The KORG volca sample was always a compact, hands-on, grungy little wonder box. Now a major revision solves its biggest problem – sample loading – and adds a ton of new features.
The volca sample is really a “sample sequencer” – think of it as a sample-based drum machine / instrument. There’s no audio input, but once you’ve got samples on there, you have all the volca pattern functionality and a ton of hands-on controls for mucking around with your sounds.
That was almost the perfect volca, because of the ability to use your own sounds and how far you could warp them via all those cute little encoders. The problem was getting the sounds on there in the first place. With only a MIDI in, KORG chose to use the audio connection for a data stream – think back to the encoding you might know from modem sounds of yore. (Kids, ask your parents.) That meant a really painfully slow and clumsy process with an iPhone or a handful of computer utilities. And then the original volca sample’s limited memory meant you were stuck with whatever you had.
No more. The new volca sample has the micro USB port the original was lacking – somehow they crammed it into the compact circuit board design. That alone would be great news, but there’s more:
- USB connectivity supports MIDI (sync, notes, control)
- More memory: now 130 seconds / 8 MB (up from 65 seconds, 4 MB)
- Preset storage: 50 empty user slots on top of 150 presets – or overwrite those for up to 200 total user slots
- More sequencer parts: now 16 parts x 16 steps (original had 10 parts)
- More recording patterns: 16 (up from 10)
- Pattern chaining (if you wanted to do this on the original, you had to manually trigger them)
- 2 different STEP JUMP modes (up from 1 – need to find out what’s new there)
- Start delay function per-part, which you can use to dial in groove/swing on individual parts now that you’ve got them (on top of the existing master swing control)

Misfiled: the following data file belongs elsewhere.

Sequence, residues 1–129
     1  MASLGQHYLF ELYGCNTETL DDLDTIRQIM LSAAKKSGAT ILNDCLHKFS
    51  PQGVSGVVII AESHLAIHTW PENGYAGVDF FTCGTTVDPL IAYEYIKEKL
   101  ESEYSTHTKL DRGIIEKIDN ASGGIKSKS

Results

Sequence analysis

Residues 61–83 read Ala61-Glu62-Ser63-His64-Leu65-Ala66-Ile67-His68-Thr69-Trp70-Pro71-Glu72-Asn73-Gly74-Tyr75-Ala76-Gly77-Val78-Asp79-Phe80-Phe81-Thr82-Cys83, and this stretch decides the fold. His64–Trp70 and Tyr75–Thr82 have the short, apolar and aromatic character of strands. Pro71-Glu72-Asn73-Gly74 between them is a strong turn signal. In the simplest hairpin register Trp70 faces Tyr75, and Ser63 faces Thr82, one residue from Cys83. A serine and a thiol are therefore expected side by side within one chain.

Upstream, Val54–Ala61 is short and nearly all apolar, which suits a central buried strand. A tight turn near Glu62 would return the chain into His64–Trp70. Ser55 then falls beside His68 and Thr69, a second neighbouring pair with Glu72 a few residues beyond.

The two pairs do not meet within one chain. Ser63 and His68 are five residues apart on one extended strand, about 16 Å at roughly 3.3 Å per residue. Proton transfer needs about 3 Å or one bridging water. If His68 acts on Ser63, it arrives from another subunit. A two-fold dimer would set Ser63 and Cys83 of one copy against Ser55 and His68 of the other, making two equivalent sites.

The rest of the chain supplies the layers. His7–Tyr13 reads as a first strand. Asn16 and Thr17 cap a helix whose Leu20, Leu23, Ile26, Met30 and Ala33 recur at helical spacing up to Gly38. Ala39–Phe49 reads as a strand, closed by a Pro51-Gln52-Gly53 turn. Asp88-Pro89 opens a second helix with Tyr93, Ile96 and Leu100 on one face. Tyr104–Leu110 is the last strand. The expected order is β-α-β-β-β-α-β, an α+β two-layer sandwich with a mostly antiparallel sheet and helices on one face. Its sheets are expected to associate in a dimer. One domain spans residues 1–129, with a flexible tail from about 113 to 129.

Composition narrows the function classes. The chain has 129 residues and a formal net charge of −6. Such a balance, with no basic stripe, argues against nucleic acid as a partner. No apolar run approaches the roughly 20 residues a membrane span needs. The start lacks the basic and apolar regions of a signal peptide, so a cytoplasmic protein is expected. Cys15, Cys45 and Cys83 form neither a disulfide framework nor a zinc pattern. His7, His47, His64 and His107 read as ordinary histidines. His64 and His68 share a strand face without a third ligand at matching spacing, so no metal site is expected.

- Forthcoming Mac/PC librarian – and KORG says it still works with AudioPocket for iOS, though I hope that gets updated to work over the USB connection?
They’ve also included new sample content in collaboration with Japanese artists Moe Shop and TORIENA. And I expect the rest of us may start releasing sample packs, too, now that loading them won’t make you cry.
Now, technically this is called volca sample2, but the new case doesn’t even change the silkscreen – it still says volca sample. So apart from cutting a new hole for that USB, all of the work is done on the inside – I’m guessing with just the additional memory provided to the firmware.
But while customers normally might ding a manufacturer for not doing a full upgrade, let me say I’m glad nothing else changes. The Analogue Isolator is a gnarly circuit for severe manipulation of the bass and treble frequencies. The 31.25 kHz, 16-bit resolution sample engine already is a little closer to some vintage boxes, but you also get some pretty wonderfully harsh results when you mess with the SPEED control that I think suggest even more lo-fi mangling going on. (I need to check with former analog division engineer Tats on that. I expect I’m one of the few people ever to play this little thing on the Berghain PA. It was utterly brutal.)
No changes to power consumption also tell you that this is the same architecture underneath.
And that also means a return of all the goodness of the original, albeit now with more space for ideas:
- 10 hours battery life on 6x AA batteries
- Motion sequencer, which you can use on parameters (oh, yes – lo-fi p-lock heaven)
- Active step, step jump, swing
- Per-part reverb
- Analogue Isolator
- Same parameters – Sample(Start Point, Length, Hi Cut), Pitch(Speed, EG Int, Attack,Decay), Amp(Level, Pan, Attack, Decay), Reverse On/Off
- Same polyphony: 8-part (as on original) [correction – a spec sheet I was looking at was for the wrong volca!]
Just one niggle – I suspect it’s the same, but the only other downside on the original was that the reverb mix control tended to drop the overall signal level. If they adjusted that in firmware, I will be elated.
The volcas are all fun, but custom sample loading means this is the one you’re most likely to keep handy – and with these features, there’s no reason for it to ever collect any dust. Their marketing is all clear apart from the headline – “improved for more groove,” which makes more sense.
Let’s just rewrite. “volca sample2: yeah, everyone will want one, good luck selling your old one.”